Multiple factors shrinking new builds in Dunedin area

Ken Cookson Builder owner Ken Cookson levels quarry dust at the site of a new home he is building in Outram. PHOTO: SHAWN MCAVINUE

Sections selling swiftly and rising construction costs are factors making new homes smaller in Dunedin, tradesmen say.

Stats NZ data reveals the average floor area of new homes consented in Dunedin last year was nearly 10% smaller than in 2016.

The 356 new Dunedin homes consented in 2010 had an average floor area of about 165sq m.

Since then the average floor area in Dunedin peaked at nearly 190sq m in 2016 and fell to about 172sq m last year.

A plumber and a builder working at the Balmoral Estate subdivision in Outram on Friday shared their views on reasons for new homes getting smaller.

Ken Cookson Builder owner Ken Cookson is building a 386sqm home for himself in the subdivision.

He was planning to retire in the four-bedroom home, which lies on a “quarter-acre” section, about 1000sqm.

Developers subdividing land into smaller blocks was resulting in smaller houses being built, he said.

The smaller blocks stopped buyers subdividing the land further.

“Developers don’t want to make them too big, because people are cutting them in half.”

Another factor was the rise in popularity of new townhouses in Mosgiel, which would reduce the average floor area.

Many townhouses were being built on land which was once part of a larger property, he said.

“I think it’s wrong.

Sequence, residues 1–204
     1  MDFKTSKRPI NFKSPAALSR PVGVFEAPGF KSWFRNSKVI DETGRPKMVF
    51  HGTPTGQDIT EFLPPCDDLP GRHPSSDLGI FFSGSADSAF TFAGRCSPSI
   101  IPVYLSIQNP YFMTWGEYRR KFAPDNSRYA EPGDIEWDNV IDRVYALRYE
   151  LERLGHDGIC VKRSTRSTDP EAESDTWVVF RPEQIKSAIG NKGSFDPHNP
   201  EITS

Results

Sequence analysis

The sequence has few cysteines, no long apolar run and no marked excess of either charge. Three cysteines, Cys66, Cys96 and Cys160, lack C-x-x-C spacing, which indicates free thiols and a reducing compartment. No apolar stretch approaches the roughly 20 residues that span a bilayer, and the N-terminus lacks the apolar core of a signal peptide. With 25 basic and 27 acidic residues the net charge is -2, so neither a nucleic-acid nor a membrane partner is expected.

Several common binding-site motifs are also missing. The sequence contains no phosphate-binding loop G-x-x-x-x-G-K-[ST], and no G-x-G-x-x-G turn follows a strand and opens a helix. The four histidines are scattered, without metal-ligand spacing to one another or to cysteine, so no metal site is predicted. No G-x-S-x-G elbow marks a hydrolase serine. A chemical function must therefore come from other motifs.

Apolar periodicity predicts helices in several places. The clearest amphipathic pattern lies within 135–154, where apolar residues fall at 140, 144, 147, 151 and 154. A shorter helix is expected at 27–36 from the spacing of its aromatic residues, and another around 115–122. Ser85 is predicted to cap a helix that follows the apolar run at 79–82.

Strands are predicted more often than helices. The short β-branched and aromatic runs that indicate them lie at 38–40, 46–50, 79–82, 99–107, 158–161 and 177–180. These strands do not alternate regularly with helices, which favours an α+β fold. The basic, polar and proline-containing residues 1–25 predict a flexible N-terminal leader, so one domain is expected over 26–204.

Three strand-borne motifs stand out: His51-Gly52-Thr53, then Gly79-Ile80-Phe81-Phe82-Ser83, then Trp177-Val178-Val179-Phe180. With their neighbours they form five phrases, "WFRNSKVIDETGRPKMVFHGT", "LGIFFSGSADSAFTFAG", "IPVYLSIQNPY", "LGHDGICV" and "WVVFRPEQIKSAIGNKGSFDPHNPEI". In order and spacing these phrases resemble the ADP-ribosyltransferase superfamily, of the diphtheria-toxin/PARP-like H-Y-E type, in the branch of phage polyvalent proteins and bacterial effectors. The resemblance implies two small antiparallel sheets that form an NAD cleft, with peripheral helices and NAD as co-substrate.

“Some of these grand homes built in the 1940s and ’50s are getting a townhouse built in front of them.

“I don’t like to see that happening.”

When The Star visited the subdivision, Dunedin Plumbing owner Simon Hendry was installing a septic tank and effluent drains for a client’s home.

When finished, the home would have 211sqm of floor space.

He believed the hot demand for land to build homes was a factor reducing the size of new homes.

“So many people want to come and live in Dunedin.”

Dunedin Plumbing owner Simon Hendry watches a septic tank being lowered to service a new home in Outram. PHOTO: SHAWN MCAVINUE

Consequently, land prices were increasing, reducing the size of the house which people could afford to build.

Compliance costs and building materials were also more expensive, which could be forcing people to build smaller houses, he said.

Any available land in Dunedin was being “snapped up straight away”.

Consequently, people were buying land “further afield” to build.

People were subdividing land in the outskirts of the greater Dunedin area, such as Taieri Mouth, because of a lack of land closer to the city.